Cheryl Lynn of Digital Femme, frustrated by the state of the comics union, nails the solution:
“I can see that I am going to have to make the fucking comics.
…right now I’m doing the second easiest thing. And that is to not-so-politely bitch. Because I suppose I’m still hoping that someone else will make the fucking comics. Because there are a ton of people out there with infinitely more talent and monetary resources than I possess. People who already have an established reputation and a publishing house that adores them. And I don’t. But they don’t give a damn. And I do.”
It certainly seems that way some times, doesn’t it? Not to say there aren’t any capable, well-intentioned writers out there working in comics writing stories that represent a broader range of the American experience (never mind that of other cultures), but there certainly aren’t enough of them.
There can never be enough, really.
“It is because modern education is so seldom inspired by a great hope that it so seldom achieves great results. The wish to preserve the past rather that the hope of creating the future dominates the minds of those who control the teaching of the young.”
But it’s not just about making the comics, it has to be about publishing them, too, because unless you’re already established like Kyle Baker — or willing to compromise by producing “color” variations of the same old, same old — you’re probably not walking into an Image contract, and even if you are, you’re certainly not going to be handed the keys to Spider-Man, Batman, et al.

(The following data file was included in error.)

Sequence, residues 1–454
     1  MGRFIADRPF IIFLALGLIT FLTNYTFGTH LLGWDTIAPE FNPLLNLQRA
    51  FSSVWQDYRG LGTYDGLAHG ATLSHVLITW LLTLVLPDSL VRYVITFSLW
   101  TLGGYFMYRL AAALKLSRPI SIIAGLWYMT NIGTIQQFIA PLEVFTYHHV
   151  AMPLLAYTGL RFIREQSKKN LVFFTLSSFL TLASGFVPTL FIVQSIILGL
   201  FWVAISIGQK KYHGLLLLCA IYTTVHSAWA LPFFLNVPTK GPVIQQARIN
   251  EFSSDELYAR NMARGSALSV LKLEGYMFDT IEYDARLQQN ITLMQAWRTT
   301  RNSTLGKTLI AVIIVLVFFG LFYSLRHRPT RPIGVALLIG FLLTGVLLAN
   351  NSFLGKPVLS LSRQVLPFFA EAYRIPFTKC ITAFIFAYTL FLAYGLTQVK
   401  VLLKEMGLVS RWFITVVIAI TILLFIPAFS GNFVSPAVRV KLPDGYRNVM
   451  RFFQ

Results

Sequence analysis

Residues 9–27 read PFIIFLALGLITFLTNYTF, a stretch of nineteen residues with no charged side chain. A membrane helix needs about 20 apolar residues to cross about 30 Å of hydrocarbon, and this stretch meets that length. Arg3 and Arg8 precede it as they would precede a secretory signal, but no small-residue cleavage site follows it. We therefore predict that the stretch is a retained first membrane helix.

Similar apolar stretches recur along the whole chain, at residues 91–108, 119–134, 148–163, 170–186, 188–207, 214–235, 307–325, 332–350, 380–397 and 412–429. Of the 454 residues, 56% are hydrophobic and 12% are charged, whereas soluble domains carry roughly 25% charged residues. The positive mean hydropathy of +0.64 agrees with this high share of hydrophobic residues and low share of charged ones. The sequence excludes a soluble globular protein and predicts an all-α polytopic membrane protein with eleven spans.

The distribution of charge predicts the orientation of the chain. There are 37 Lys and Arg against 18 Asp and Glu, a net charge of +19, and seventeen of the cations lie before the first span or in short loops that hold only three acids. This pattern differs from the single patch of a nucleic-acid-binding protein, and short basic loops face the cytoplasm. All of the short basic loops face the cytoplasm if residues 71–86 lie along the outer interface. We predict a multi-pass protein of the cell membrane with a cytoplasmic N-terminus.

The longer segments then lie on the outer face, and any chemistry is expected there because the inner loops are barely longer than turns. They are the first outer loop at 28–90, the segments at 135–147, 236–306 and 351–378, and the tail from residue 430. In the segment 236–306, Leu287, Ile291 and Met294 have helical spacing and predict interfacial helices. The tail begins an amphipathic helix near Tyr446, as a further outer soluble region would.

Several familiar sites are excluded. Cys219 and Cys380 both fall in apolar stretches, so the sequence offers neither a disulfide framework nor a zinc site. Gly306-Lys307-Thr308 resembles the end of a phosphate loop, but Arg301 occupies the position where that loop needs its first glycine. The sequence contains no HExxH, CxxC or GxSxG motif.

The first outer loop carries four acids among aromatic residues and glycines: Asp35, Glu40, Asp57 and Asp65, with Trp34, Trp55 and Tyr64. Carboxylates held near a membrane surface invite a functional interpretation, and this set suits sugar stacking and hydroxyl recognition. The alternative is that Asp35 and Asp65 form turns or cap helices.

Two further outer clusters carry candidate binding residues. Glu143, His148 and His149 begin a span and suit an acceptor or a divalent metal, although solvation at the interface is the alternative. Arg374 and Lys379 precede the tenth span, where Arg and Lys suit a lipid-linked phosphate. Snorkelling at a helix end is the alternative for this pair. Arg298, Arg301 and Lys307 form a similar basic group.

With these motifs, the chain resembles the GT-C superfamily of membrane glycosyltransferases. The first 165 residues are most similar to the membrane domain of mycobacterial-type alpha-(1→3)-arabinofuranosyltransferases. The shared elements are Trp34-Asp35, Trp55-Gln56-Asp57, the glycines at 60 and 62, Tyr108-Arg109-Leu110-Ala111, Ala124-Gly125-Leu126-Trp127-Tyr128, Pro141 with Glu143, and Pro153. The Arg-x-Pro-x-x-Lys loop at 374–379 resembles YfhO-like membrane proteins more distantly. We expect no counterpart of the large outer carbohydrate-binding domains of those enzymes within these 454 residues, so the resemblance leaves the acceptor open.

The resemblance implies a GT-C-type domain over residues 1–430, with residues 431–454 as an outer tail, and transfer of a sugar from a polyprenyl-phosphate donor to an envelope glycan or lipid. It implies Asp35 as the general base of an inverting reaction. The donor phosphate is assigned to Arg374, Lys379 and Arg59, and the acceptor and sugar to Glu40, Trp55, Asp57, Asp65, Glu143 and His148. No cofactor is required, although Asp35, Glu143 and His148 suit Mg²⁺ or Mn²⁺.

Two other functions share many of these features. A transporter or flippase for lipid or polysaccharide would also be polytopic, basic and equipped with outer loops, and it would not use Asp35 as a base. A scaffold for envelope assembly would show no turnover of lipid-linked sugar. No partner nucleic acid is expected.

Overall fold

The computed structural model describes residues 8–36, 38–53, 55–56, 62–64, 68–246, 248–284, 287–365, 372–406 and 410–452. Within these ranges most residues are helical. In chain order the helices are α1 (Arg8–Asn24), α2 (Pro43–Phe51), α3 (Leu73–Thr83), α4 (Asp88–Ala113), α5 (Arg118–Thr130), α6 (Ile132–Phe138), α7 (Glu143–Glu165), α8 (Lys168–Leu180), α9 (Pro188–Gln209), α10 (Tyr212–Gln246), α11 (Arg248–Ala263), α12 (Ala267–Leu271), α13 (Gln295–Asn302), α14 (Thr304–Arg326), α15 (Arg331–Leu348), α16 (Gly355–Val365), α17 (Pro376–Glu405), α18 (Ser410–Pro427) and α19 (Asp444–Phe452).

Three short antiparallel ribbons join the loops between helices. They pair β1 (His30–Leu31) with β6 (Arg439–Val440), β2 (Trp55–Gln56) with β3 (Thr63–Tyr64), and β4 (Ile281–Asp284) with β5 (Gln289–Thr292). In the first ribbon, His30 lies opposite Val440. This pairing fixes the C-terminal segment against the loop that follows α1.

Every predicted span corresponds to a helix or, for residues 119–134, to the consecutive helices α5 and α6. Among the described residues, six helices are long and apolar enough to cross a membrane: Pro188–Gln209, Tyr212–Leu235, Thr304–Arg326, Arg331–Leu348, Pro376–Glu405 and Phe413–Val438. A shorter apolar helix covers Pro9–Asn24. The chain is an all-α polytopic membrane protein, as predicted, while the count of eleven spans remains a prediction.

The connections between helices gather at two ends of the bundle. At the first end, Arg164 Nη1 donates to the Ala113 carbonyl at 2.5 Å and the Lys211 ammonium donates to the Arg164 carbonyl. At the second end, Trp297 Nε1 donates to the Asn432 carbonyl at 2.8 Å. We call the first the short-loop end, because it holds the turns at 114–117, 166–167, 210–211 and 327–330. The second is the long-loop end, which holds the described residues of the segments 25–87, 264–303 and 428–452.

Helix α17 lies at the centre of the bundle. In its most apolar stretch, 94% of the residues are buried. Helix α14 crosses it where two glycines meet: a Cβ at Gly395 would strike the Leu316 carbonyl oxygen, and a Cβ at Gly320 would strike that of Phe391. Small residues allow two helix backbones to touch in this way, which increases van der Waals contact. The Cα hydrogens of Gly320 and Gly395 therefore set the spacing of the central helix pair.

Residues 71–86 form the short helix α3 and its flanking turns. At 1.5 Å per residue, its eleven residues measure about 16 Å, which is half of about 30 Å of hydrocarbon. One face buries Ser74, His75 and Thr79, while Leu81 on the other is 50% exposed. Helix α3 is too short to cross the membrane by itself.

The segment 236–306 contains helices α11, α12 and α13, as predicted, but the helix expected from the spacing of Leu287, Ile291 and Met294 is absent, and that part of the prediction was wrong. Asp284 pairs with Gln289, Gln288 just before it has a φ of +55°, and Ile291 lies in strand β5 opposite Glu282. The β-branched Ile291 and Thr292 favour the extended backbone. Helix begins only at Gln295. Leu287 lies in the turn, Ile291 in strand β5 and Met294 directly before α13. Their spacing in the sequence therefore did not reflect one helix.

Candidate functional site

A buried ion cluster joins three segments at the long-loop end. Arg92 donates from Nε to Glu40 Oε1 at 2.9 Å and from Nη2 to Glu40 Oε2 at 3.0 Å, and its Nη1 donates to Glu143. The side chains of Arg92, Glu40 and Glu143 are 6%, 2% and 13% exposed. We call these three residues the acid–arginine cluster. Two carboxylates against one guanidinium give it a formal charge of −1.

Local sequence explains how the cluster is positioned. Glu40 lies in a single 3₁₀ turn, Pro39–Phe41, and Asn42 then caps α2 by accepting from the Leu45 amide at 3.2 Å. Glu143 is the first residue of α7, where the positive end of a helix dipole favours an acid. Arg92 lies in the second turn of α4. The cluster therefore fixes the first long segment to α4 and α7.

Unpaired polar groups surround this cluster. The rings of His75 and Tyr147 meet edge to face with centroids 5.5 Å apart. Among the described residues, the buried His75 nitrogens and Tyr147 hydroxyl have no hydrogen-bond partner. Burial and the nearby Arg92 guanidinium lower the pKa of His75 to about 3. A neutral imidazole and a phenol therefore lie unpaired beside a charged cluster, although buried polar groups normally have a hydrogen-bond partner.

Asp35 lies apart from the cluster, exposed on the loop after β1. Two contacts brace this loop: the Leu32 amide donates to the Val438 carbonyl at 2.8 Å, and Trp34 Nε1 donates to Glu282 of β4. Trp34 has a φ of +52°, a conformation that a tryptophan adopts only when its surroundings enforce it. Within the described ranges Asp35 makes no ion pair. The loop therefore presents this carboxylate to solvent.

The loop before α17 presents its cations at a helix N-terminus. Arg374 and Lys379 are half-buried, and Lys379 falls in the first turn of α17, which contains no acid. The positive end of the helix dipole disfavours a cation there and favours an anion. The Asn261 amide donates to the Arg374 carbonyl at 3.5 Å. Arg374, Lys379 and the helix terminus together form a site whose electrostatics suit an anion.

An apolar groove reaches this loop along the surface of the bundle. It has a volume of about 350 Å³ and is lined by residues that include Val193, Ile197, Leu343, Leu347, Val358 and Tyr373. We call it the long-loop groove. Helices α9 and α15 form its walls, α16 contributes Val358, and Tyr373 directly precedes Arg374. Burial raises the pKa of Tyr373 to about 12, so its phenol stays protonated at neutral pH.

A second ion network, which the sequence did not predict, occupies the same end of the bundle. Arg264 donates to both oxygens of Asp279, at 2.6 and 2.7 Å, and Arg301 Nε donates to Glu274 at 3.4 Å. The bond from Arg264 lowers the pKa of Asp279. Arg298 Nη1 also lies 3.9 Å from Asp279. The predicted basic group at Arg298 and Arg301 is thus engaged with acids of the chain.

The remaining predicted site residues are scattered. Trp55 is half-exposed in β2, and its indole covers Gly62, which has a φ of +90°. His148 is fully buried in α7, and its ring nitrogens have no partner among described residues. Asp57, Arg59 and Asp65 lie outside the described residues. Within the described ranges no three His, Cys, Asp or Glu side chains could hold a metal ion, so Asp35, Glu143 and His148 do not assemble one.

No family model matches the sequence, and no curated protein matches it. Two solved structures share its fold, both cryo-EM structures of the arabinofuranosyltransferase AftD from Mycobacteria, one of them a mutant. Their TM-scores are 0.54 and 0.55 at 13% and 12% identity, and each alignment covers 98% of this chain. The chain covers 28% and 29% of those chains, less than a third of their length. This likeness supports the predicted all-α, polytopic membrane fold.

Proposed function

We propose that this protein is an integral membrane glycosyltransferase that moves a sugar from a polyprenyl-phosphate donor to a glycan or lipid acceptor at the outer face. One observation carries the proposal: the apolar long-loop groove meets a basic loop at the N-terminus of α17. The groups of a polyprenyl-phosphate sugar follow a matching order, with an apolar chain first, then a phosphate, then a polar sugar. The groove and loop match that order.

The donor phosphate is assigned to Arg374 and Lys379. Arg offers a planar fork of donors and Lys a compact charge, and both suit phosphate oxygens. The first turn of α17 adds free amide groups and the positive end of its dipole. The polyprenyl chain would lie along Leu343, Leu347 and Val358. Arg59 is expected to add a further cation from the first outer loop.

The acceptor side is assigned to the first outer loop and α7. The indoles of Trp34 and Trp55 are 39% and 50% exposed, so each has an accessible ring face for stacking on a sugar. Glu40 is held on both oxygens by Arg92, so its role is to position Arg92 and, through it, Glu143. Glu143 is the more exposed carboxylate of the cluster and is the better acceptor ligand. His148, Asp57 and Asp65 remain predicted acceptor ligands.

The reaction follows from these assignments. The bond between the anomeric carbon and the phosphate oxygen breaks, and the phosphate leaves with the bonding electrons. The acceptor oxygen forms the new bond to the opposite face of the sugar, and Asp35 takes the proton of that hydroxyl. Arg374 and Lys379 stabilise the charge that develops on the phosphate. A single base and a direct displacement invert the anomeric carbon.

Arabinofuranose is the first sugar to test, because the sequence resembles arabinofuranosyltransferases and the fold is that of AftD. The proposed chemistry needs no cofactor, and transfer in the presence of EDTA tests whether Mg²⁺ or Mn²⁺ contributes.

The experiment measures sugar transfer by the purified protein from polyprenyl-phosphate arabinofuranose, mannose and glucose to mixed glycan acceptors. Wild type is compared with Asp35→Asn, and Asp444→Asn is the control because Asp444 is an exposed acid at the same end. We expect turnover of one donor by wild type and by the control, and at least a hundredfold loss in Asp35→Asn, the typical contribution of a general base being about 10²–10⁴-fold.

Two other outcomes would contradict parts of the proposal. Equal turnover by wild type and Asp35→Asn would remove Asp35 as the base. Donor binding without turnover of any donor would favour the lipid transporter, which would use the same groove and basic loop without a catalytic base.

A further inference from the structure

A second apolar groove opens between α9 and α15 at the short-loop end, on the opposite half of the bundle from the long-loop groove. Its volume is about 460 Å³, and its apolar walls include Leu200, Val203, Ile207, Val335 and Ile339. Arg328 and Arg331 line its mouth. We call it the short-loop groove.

“I’ve always wanted to own and control the primary technology in everything we do.”
And honestly, if we’re being serious about doing this right, Marvel, DC, Image, etc. aren’t really the answer because they either don’t get it or aren’t built in a way to do anything about it.
“You must be the change you want to see in the world.”
So Cheryl is right; we’re going to have to make the fucking comics, then we’re going to have to publish the fucking comics and market the fucking comics to make sure that people know about them so we can keep publishing them until retailers have no choice but to take notice and other publishers have no choice but to take notice and eventually posts like these become unnecessary and future generations look back in surprise that there was ever a need.
That’s a serious challenge that requires not just the passion to see it happen but a serious commitment to making it happen, because it’s not going to happen overnight and there are plenty of people who will say it can’t be done. Of course, those people already have their stories being told, so we can ignore them.